Dan Wheeler, who turned 35 on Monday, is 25-43 with a 3.98 ERA in 589 outings over a 13-year Major League career for the Rays (1999-2001, 2007-10), Mets (2003-04), Astros (2004-07), Red Sox (2011) and Indians (2012).  Born in Rhode Island but now living in Florida, Wheeler split the 2012 campaign between the Cleveland Indians and Triple-A Columbus.

Outfielder Willy Taveras, who will turn 31 on Christmas Day, is a seven-year Major League veteran who has compiled a .274 career average with 195 stolen bases for the Astros (2004-06), Rockies (2007-08), Reds (2009) and Nationals (2010).  The Dominican Republic resident led the National League with 68 stolen bases in 75 attempts for Colorado in 2008.  Taveras is currently batting .280 with eight stolen bases in 39 games for Obregon in the Mexican Winter League.

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Is Matt Adams the next big thing for the St. Louis Cardinals?

So who’s this big, burly guy mashing the ball all over the ballpark for the Cardinals the first week of Grapefruit League play, you ask?

That would be Matt Adams, and the 6’3”, 230-pound lefty is no joke. I won’t go off the deep end on you and overblow four days’ worth of relatively meaningless spring training games (though he is hitting .417 with a grand slam and 7 RBI), but what I will tell you is this guy can hit.

Obviously, how much success Adams will carry over to the big league level one day is yet to be determined, but based on his track record in the minor leagues, Cardinals fans should be on the edge of their seats to see this guy play. In 2009, Adams broke into the Cardinals organization hitting .355 over half a season playing rookie ball and Low-A, with 10 HRs and 52 RBI in just 63 games. The next year in High-A, the first baseman hit .310 with 22 HRs and 88 RBI. And last year in Double-A Springfield, Adams went deep 32 times and drove in 101 RBI in just 115 games.

Translation: Adams would be averaging 35 HRs and 131 RBIs per season over a 162 game schedule. His minor league career average is .316.

His presence in the lineup is undeniable. Every time he walked to the plate last year at Hammons Field in Springfield, MO, you could sense a buzz in the crowd. He’s easily the most legitimate deep-threat that’s come through the system in the past decade, and let’s not forget that the Cardinals’ minor league system has produced the likes of Allen Craig and Colby Rasmus, who combined for more than 150 career home runs before breaking into the big leagues.

It’s hard to say exactly when fans could first see Adams playing in St. Louis. For this year, the Cardinals have Lance Berkman penciled in at first base, with Allen Craig ready to step in fulltime should Berkman go down with a lengthy injury. But the 36-year-old Berkman is more of a temporary stopgap in the wake of Albert Pujols’ departure, and likely won’t be a part of the Cardinals’ organization more than another couple of years. With Berkman currently signed to a 1-year, $14 million contract, Adams may get a crack at the starting job as soon as next year if he continues to mash the ball in the minors.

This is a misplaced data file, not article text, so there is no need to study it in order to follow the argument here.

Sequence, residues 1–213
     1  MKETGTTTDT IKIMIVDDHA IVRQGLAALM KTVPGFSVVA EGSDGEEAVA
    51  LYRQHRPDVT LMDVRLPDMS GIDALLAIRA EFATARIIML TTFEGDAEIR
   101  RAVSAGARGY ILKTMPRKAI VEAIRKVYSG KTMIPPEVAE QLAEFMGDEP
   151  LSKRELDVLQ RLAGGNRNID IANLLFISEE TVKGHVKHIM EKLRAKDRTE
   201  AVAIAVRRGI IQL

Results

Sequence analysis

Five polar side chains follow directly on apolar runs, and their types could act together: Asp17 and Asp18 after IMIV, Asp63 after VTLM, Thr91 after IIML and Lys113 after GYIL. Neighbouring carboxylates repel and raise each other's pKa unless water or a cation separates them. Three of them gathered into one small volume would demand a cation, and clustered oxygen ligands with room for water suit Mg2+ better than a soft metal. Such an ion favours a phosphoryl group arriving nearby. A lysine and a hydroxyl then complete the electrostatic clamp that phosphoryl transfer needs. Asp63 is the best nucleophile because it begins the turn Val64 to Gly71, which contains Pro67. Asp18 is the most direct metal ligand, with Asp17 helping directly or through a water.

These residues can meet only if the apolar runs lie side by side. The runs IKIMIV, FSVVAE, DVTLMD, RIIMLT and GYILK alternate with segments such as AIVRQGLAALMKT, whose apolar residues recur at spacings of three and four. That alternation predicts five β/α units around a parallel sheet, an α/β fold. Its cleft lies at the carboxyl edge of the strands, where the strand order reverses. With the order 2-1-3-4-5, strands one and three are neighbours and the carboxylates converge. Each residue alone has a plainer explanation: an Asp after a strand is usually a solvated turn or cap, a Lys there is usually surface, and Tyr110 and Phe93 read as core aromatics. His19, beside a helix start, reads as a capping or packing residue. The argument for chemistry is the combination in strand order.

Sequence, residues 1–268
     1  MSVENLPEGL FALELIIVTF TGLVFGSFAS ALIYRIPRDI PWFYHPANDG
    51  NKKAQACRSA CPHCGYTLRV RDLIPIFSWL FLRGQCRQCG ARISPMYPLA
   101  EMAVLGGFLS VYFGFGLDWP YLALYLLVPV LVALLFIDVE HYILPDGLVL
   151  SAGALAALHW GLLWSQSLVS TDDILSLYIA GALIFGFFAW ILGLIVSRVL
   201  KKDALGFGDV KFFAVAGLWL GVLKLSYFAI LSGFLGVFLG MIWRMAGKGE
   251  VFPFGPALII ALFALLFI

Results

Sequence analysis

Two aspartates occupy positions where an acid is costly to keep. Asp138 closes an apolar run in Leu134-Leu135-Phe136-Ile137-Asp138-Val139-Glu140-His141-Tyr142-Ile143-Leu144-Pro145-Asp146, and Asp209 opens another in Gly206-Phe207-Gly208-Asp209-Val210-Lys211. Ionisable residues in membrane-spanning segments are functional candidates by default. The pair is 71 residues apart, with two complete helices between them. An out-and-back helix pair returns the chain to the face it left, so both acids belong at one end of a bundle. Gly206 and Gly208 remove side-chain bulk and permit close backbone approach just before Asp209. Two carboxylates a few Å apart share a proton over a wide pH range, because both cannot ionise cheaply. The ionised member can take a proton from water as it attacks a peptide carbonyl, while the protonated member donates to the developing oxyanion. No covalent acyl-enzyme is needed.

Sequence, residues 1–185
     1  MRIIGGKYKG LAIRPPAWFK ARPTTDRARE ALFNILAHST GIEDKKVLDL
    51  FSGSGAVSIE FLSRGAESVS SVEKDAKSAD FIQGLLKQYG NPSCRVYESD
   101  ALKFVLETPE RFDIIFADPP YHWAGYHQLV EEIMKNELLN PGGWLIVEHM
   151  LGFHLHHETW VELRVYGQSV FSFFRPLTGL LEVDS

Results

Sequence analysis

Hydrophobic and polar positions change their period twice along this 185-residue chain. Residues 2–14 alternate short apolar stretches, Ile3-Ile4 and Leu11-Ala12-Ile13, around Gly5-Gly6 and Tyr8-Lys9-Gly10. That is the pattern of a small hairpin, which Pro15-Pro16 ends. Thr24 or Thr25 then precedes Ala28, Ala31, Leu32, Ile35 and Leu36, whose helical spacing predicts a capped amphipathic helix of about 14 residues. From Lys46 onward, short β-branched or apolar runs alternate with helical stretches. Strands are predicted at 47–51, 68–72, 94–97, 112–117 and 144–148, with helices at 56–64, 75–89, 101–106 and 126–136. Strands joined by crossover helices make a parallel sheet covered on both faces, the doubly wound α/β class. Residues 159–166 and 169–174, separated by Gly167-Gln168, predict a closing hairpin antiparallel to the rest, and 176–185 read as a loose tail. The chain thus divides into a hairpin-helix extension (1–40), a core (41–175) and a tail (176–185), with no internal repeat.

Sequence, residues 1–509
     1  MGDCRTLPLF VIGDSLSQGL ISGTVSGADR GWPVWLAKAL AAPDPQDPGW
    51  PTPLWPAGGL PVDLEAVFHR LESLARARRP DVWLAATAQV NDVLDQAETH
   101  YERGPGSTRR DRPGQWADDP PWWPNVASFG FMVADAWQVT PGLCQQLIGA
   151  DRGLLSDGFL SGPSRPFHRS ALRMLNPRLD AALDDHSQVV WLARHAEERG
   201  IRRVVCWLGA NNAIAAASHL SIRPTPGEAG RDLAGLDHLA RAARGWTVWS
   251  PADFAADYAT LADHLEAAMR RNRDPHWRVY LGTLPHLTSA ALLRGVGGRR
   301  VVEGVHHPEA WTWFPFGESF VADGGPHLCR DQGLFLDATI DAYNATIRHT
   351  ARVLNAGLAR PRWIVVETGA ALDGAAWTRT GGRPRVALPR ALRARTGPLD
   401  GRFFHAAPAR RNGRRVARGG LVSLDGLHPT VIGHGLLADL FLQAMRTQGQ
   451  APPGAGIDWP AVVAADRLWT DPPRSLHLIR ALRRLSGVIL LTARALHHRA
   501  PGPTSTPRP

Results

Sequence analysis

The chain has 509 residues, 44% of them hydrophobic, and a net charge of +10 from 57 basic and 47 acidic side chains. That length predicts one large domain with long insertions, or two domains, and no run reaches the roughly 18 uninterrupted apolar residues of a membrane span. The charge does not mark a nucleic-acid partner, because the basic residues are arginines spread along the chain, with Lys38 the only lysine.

It will be interesting to see how Adams continues to play throughout the course of spring training. He’s off to a hot start, and if he keeps it up for another few weeks, there’s an outside chance he could make the opening day roster. Skipping Triple-A isn’t unprecedented, especially at first base.

I seem to remember another Cardinals first baseman who made the jump past Triple-A about a decade ago. What was his name again? With any luck, Matt Adams will help Cardinals fans forget.

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The Long and Short ”Stop” of It

The Kansas City Royals have been slightly active again this week.  They have signed all of their arbitration eligible players except for Alex Gordon.  It will be interesting to see if the Royals are able to sign to a long term contract.  There have been rumors of this in the media, but only time will tell.  This week, will start our look at the American League Central infielders by reviewing the shortstops of each team.  The following statistics will give us a view of each player’s 2011 season.



Team Player Avg. OBP SLG OPS H 2B 3B HR RBI SB
Chi Alexei Ramirez .269 .328 .399 .727 165 31 2 15 70 7
Cle Asdrubal Cabrera .273 .332 .460 .792 165 32 3 25 92 17
Det Jhonny Peralta .299 .345 .478 .824 157 25 3 21 86 0
KC Alicdes Escobar .254 .290 .343 .633 139 21 8 4 46 26
Min Jamey Carroll .290 .359 .347 .706 131 14 6 0 17 10


The Chicago White Sox will start one of the more proven commodities at shortstop.  Alexei Ramirez in his four full seasons with the White Sox has been a consistent performer on offense.  Ramirez has a career .279 batting average.  Alexei has always had a consistent power stroke averaging 19 home runs, 26 doubles a season.  Alexei will provide the White Sox a solid offensive contribution and will play a solid short stop.  The White Sox know what they are getting from Ramirez and should be excited.

The Cleveland Indians will be starting Asdrubal Cabrera.  2011 was the best all around offensive year of Cabrera’s career.  Cabrera has hit for a solid average in each of his first five seasons, a .281 career average.  Asdrubal has always had the ability to hit for some power as he has average 36 doubles a season.  He had never found that home run stroke until last year when he hit 25 home runs.  His previous career high had been 6.  Did Cabrera finally develop some home run power?  This season should be interesting.  If Cabrera can hit like he did last season and add a injury free season from Sizemore and Hafner, the Indians could once again be a surprise team in the central.

The Detroit Tigers will start Jhonny Peralta at shortstop.  Last season Peralta had one of his best offensive seasons.  In nine seasons Peralata had a career .268 batting average.  Last season his average jumped thirty points higher than his career average as Peralta hit .299.  Peralata has always had good power for a shortstop.  Peralta averages 34 doubles, 19 home runs, and 83 rbi’s a season.  With all the power bats in the Tigers lineup, Peralta will slide into the 6 or 7 slot and continue to produce as he has throughout his career.